“This is a great use of equipment dollars, there is less waste, a higher utilization of staff on meal preparation and it is a great option for the kids,” says Penny Parham, administrative director of Miami-Dade Dept. of Food & Nutrition. “And, it has the cool factor.”
A Hand-y POS Solution at Pinellas
Pinellas County is outfitting all of its middle and high schools with the palm scanners following a successful pilot of the technology last spring at one of the high schools, where checkout times were cut by more than half, from an average of 15 minutes to around seven minutes, says Foodservice Director Art Dunham. “Those number are holding up in the early going with the full deployment of the scanners,” Dunham offers.
Dunham says he saw the technology at a conference a couple years ago and “knew it was something that would work well for us.” He notes that palm scanning is fairly routine in several other countries like Brazil and Japan, where it is used to verify a the identities of ATM users.
The technology is expected to help increase participation by reducing lines, and also by its “coolness factor,” which has prompted students to buy lunch just to experience the palm scan at checkout. “We hope that after getting lunch just to get scanned, they will also see how fast and easy it is to get through the line, so they will be encouraged to come back,” Dunham says.
Using the hand scanner mode of checkout is completely voluntary, Dunham emphasizes. Student who are not comfortable with the technology can still opt for entering an ID number to debit their lunch accounts (or verify free/reduced status). But only a few have gone this route.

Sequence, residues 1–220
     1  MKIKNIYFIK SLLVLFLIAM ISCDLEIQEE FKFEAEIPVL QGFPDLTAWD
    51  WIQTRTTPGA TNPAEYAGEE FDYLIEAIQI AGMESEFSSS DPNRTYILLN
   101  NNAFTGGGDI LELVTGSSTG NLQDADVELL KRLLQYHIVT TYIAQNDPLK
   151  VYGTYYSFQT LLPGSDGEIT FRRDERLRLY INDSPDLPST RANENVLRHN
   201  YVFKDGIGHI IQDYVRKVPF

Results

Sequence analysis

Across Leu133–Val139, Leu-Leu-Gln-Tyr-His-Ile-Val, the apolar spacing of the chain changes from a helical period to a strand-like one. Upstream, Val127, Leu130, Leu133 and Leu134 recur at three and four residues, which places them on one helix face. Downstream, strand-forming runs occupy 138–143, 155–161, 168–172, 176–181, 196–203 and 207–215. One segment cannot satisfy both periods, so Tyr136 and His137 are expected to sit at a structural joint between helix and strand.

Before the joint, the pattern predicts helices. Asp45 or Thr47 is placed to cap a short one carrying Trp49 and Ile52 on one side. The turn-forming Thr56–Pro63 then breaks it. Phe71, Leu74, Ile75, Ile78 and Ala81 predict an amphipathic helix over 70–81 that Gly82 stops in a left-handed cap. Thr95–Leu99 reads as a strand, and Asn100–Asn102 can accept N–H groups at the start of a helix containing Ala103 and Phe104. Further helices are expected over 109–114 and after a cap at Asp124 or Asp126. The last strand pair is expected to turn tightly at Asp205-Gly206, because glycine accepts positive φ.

“Most students are very comfortable with it and love it,” Dunham notes. “This is a generation that is comfortable with technology anyway, it’s like second nature to them.”
Choices Multiply With “Mall-Like” Food Court
Palm Beach Café at Atlantic Community High School in Delray Beach used to have one lunch line for reimbursable meals with three daily choices, and four other lines that offered some reimbursable options but mostly a la carte choices. The new, remodeled cafeteria now has reimbursable meal choices at all five stations, a total of 23 fully qualified meal options each day, plus the daily “house special” at each.
The menus for the stations are all new and were taste-tested with students before being finalized. In the early going, the Asian station (Asian Xperience) has been most popular, says Schwab. The menu there includes Teriyaki Chicken and General Tso’s Chicken, each available with either rice or lo mein noodles, plus a “Build Your Own Vegetarian Platter” option.
At the Mexican themed Café Sol y Mar station, entrée choices include Seasoned Beef Gordita, Chicken Fajita and the meatless Black Bean Burger: Mangia Mangia, the Italian station, offers Lasagna (vegetarian), Pasta With Meat Sauce and a Chicken Parmesan Sub Sandwich; and Atlantic Gourmet Deli has a series of wraps that include standards (Turkey & Provolone, Chicken Caesar, etc.) as well as Grilled Vegetable & Cheese and PB&J with Cheese Stick, both vegetarian.
The last station is Beyond Burgers, where two serving windows—one facing an outdoor courtyard—proffer Beef Sliders and Veggie Burgers as well as Hot Ham & Cheese, Grilled Chicken and Spicy Chicken sandwiches.
Labor was not increased, just reassigned, says Schwab. Cafeteria workers now spend more time out in front of customers manning the stations.
As for the customers, “they are very excited about the new cafeteria,” Schwab says. Participation on the first day of school was over 1,000, up about 250 from the typical day last year. In the subsequent days, it receded a little but was still averaging up to 150 more students a day than in 2010-11.